• Victoria Lentfer

Courageous Conversations

What is a courageous conversation? We have them all the time. We have them everywhere. We have them with students, colleagues, administrators, and parents. The conversations may be a two minute conversation in the hallway or a conversation that takes place over the course of 20 days. The idea is that we engage in conversations that may make us not only uncomfortable, but to walk away a better person because we were able to learn from a differing perspective.


This idea of learning from one another sounds easy, after all we are educators and pride ourselves in being lifelong learners. For the most part, we do learn from one another. That is until we are faced with an idea that may challenge our beliefs. I'm not talking about religious beliefs, but beliefs about yourself. What do you believe? There are no right or wrong beliefs, but we all have them. We probably don't think about them much until our beliefs are challenged. And haven't our beliefs been challenged this year? Yes!


We engage in discussions, maybe even battles over what we believe to be true. It feels like we are in a war of words whether we are engaging in a discussion via social media or talking to the TV. Yet, no matter or how we engage in our conversations we often walk away exasperated, defeated and a little overwhelmed. I'm not here to change your beliefs, I am simply offering a suggestion when engaging in a courageous conversation. Listen. Yep, do not say a word. Seek First to Understand.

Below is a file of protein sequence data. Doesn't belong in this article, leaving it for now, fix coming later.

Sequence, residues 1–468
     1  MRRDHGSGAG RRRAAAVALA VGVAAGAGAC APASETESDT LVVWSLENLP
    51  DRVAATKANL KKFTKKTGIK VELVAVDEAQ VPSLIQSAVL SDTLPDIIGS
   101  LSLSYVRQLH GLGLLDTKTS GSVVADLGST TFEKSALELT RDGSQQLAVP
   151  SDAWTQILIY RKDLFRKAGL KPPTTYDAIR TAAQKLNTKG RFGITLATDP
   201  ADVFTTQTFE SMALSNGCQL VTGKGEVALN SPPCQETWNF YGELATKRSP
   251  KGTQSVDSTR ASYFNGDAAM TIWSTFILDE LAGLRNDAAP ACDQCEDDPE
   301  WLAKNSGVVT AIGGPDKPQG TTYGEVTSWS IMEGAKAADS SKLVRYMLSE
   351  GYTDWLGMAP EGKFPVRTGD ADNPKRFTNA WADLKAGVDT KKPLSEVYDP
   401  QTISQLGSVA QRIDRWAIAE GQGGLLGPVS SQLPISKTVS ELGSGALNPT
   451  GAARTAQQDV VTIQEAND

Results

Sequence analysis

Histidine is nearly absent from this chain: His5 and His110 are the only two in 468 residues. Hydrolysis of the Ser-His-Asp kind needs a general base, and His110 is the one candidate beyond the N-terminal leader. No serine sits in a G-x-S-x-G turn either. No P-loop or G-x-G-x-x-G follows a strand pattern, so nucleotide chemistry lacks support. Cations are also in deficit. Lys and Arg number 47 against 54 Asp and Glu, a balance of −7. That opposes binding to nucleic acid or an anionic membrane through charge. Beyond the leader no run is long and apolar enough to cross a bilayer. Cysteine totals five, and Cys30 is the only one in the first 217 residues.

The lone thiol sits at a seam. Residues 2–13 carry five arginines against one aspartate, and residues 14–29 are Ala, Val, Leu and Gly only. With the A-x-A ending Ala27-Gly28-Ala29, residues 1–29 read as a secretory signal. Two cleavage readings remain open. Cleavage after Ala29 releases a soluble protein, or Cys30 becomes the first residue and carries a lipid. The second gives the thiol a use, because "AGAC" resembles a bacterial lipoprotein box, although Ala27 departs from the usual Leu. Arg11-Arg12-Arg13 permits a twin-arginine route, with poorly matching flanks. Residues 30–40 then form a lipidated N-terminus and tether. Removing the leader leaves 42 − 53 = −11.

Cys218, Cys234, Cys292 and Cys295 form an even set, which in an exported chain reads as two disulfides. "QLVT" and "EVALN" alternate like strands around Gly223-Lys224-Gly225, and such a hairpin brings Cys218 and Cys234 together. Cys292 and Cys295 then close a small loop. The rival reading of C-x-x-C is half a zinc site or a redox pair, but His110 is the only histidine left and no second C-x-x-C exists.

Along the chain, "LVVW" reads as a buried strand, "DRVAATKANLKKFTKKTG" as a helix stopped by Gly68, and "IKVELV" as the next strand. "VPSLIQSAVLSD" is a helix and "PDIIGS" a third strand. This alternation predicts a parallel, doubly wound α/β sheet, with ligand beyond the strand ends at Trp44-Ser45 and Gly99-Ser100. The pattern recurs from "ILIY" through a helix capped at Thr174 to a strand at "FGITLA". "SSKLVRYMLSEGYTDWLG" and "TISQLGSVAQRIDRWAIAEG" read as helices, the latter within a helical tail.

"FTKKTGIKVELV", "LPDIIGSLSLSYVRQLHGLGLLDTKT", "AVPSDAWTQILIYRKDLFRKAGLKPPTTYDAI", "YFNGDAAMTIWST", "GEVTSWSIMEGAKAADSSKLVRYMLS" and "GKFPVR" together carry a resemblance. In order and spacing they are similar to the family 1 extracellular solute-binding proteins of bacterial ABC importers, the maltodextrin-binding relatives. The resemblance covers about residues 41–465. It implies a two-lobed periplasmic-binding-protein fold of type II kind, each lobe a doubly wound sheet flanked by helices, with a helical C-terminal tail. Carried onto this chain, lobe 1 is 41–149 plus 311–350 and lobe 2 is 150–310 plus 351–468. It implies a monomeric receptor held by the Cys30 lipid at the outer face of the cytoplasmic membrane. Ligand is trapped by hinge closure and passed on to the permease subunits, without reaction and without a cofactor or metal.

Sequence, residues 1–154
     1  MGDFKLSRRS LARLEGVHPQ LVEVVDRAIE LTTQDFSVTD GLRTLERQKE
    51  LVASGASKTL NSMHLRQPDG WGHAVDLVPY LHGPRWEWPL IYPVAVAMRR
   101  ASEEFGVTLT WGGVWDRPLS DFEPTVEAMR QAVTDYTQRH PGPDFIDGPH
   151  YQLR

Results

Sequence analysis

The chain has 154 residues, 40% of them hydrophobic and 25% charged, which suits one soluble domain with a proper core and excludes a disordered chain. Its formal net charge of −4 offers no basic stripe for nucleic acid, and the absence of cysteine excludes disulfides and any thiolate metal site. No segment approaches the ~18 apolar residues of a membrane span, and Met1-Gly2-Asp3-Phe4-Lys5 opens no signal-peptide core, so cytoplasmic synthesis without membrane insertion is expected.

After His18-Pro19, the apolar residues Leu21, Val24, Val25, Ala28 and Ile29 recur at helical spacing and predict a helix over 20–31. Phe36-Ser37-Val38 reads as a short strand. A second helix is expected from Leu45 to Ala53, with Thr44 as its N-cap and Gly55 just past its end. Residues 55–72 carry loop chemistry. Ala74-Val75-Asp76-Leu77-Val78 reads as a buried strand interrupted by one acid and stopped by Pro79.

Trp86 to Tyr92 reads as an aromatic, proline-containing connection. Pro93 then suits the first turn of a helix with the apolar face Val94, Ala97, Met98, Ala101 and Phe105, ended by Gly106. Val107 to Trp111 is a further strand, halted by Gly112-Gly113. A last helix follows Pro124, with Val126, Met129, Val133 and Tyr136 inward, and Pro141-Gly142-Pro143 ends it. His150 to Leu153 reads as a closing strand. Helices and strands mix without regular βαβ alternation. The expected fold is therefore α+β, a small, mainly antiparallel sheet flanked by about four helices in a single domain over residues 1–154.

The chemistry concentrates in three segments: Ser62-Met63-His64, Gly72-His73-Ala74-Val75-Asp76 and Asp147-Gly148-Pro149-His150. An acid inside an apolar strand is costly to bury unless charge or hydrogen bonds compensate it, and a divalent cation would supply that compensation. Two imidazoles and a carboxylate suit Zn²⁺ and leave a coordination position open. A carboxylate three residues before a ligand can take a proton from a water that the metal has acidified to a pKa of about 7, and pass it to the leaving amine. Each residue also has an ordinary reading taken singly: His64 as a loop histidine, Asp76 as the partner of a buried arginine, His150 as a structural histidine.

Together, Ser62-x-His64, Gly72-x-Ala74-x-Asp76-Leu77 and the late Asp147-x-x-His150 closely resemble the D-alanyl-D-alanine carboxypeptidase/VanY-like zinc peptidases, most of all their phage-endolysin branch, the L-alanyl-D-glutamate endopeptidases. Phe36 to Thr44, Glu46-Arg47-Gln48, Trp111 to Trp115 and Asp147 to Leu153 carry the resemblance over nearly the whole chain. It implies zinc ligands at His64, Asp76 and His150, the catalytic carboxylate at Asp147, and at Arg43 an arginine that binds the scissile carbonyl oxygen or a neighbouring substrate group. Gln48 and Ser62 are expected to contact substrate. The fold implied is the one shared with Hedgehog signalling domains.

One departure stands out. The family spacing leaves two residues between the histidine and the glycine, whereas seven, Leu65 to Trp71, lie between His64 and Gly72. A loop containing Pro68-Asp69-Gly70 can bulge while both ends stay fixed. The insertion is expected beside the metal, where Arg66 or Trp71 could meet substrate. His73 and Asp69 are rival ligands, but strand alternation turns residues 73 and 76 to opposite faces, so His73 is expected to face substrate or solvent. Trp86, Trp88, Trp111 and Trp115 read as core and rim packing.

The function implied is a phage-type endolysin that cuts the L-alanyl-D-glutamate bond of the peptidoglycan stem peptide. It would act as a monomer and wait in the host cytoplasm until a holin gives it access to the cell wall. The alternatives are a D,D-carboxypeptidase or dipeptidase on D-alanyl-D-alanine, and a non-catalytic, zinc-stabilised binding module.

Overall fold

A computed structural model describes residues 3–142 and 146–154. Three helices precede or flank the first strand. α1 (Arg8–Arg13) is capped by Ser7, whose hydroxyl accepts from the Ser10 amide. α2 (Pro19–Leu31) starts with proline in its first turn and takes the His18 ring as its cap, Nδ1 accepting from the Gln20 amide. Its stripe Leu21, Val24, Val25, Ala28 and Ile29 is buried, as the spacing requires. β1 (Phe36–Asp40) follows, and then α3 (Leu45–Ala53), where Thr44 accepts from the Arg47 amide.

Listen with compassion. When you enter a conversation to change someone, you will be met with frustration. Listen to truly understand how another person's point of view impacts them. Try to be aware of your thoughts while you are listening. When you are listening, are you not talking because you are listening or waiting to derail the other person by erupting with words that back your beliefs?


Listening with compassion takes time and practice. It begins with an awareness of your beliefs and emotions. Listening to understand. That means asking questions that help you to understand another person's position. Find the positives. How does this differing point of view benefit people? Remember, there is no right or wrong belief. A belief is a thought you keep having and it is usually based on some sort of experience. We cannot relate to every experience, but we can relate to feelings. Find common ground with emotions. I come from rural Nebraska, not everyone can relate to my experiences, and when I went to UNL I could find common ground with someone that was from a city. However, we shared common feelings of being overwhelmed and feelings of belonging.


We may not all have common experiences, but we can find our common ground by listening with compassion and relating through emotions.


Let me know your thoughts.

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